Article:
Apart from politics and economy, Europeans share a lot of culture, traditions and common holidays. Easter is one of them. Even if you are not religious at all you will enjoy some free days and the traditions of your home country. But do you know what your European neighbors are doing at this time of the year? Let’ s take a look!
In My country, Germany, on Good Friday, called Karfreitag in German, children are up very early in the morning and going around in cities and towns with wooden instruments called ‘Ratsche’ making noise and singing to wake people up and remind them it is a special day. It is an old tradition as the church bells will be silent till Easter Sunday so the kids did their job and woke the people up.
Later in the day, there are processions, meeting family and friends and coloring Easter eggs which will be placed on Easter Sunday somewhere in the gardens and parks together with sweets so kids can hunt them there. We have special food on Easter of course and decorating trees and bushes with blown out and painted eggs is a tradition too.
Sweden (in some parts)
Meeting family and friends and opening the summer house season is a tradition in Sweden on Easter. But in some parts, there is a very special tradition on top: Easter witches!
Trick-or-treating at Easter? Yes, this is when Swedish Easter witches, ‘påskkärringar’, come around asking for candy.
The Semana santa ( Holy Week) is celebrated in whole of Spain with a lot of processions at both day and night where people carry around statues and are covered in special costumes, inspired by the ancient pilgrims who humbled themselves by covering their faces. There is a similar tradition on Easter in some parts of Italy by the way. It is a very special atmosphere and worth visiting and joining it even if you are not religious.
In Greece, Easter is the most important religious festival and it is lived with a lot of participation by the faithful. Alongside the religious rituals, however, “pagan” traditions are also held, handed down for centuries. The date of Orthodox Easter does not always match that of the Christian Easter. The entire Holy Week is celebrated with solemnity and devotion and before reaching the Orthodox Easter, people spend days of fasting and celebrate rites and traditions. A purely Greek tradition of Easter is to color and decorate eggs with red. The choice of color refers to an ancient legend that Mary Magdalene, after being at the Tomb of Jesus and having found it empty, she went where the disciples had gathered and told them the exciting news. Peter, however, incredulous said, “I will believe what you say if the eggs you have in the basket will become red.” And suddenly the eggs turned red. Red represents the color of the blood of Christ, the feast and a way to ward off evil. At Easter, families, friends and neighbors meet out to eat with the lamb cooked on skewers, talking, singing and dancing. Anyone can approach and take his portion, accompanied by a glass of wine and an exchange of greetings.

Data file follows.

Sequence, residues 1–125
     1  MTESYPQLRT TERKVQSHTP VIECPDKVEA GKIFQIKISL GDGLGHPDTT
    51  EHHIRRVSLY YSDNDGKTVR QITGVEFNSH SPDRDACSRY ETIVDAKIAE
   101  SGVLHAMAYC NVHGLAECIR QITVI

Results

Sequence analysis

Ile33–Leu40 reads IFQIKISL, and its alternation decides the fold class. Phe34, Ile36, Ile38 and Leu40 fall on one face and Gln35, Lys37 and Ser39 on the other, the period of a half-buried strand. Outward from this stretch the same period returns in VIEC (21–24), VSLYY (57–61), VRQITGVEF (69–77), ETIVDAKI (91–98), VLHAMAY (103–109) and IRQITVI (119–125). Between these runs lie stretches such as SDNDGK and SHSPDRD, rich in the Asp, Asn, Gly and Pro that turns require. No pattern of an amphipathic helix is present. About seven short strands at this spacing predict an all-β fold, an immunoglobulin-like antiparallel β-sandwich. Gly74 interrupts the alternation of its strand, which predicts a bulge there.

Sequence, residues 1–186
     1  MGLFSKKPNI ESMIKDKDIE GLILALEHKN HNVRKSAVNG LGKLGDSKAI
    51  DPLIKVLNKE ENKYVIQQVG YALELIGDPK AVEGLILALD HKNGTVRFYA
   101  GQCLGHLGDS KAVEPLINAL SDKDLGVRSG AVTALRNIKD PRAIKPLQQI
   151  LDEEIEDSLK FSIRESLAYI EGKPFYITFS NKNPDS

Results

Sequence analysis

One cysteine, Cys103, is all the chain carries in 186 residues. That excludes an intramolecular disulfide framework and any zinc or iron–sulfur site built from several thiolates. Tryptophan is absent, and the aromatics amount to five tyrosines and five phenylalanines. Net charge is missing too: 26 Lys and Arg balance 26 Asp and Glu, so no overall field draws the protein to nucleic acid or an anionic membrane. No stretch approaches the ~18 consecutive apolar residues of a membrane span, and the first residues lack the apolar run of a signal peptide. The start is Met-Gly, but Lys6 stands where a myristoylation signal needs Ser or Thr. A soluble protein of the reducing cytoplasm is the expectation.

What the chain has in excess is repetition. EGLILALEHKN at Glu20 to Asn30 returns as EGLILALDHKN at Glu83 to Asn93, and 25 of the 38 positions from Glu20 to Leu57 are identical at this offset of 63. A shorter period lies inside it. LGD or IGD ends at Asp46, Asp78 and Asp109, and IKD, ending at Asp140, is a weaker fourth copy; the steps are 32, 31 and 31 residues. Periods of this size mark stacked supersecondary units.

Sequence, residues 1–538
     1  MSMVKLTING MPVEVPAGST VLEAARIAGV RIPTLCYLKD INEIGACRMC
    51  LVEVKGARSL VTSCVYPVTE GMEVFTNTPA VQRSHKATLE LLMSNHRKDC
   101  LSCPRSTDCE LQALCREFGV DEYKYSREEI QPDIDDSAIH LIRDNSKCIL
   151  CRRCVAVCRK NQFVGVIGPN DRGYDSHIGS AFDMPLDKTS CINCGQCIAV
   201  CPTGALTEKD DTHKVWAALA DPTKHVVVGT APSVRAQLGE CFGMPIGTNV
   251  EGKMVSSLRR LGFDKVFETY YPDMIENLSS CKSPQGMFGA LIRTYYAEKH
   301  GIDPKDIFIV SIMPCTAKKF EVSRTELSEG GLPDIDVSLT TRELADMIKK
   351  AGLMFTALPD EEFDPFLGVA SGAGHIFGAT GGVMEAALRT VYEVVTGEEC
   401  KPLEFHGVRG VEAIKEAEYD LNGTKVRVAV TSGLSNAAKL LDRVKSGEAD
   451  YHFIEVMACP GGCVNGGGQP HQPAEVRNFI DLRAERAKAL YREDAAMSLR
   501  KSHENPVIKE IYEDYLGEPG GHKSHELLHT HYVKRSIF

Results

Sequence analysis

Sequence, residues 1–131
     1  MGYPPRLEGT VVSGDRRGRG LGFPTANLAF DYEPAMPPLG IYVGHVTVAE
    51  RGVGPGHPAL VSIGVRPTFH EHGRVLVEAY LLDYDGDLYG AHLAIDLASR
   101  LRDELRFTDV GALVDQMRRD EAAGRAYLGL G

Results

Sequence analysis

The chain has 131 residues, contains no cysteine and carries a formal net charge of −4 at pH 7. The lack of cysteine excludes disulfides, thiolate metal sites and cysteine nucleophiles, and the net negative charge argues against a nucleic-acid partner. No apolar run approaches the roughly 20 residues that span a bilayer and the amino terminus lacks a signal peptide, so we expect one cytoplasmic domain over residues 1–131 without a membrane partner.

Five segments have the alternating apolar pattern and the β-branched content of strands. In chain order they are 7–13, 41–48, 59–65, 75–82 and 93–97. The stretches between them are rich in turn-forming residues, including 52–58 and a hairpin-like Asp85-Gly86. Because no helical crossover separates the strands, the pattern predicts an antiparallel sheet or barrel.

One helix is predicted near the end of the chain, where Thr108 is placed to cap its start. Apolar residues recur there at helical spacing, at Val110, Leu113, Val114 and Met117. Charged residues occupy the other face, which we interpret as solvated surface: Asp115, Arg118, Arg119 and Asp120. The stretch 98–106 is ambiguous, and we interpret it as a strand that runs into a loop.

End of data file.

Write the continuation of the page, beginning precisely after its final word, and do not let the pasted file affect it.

Apart from coloring eggs, eating special blessed food and meeting with family and friends, processions and decorating wonderful painted and blown out eggs on bushes and trees, there is a very special tradition in Poland called Wet Monday.
On Easter Monday the real fun begins – if you’re a girl you better read these words carefully! This is a day when young boys set up small okay…not small, huge groups and they hunt for girls to use their water guns against them. That’s right – they literally do everything they can to make them all wet. Don’t be surprised when you see a small boy running around with the big bucket of water ready to pour it out on a random girl he sees. The most dangerous places during that day? churches, parks, small streets, squares…well to be honest, you can’t feel 100% safe anywhere! What is a tourist visitor’s tip for you? Don’t leave home alone unless you carry a huge water gun with yourself to fight back!
I have not been able to list up all European Easter traditions, so if you know some more, especially the really unique ones: Don’t hesitate to add them in your comments or write an own article for Europa United.
I will be pleased to learn more.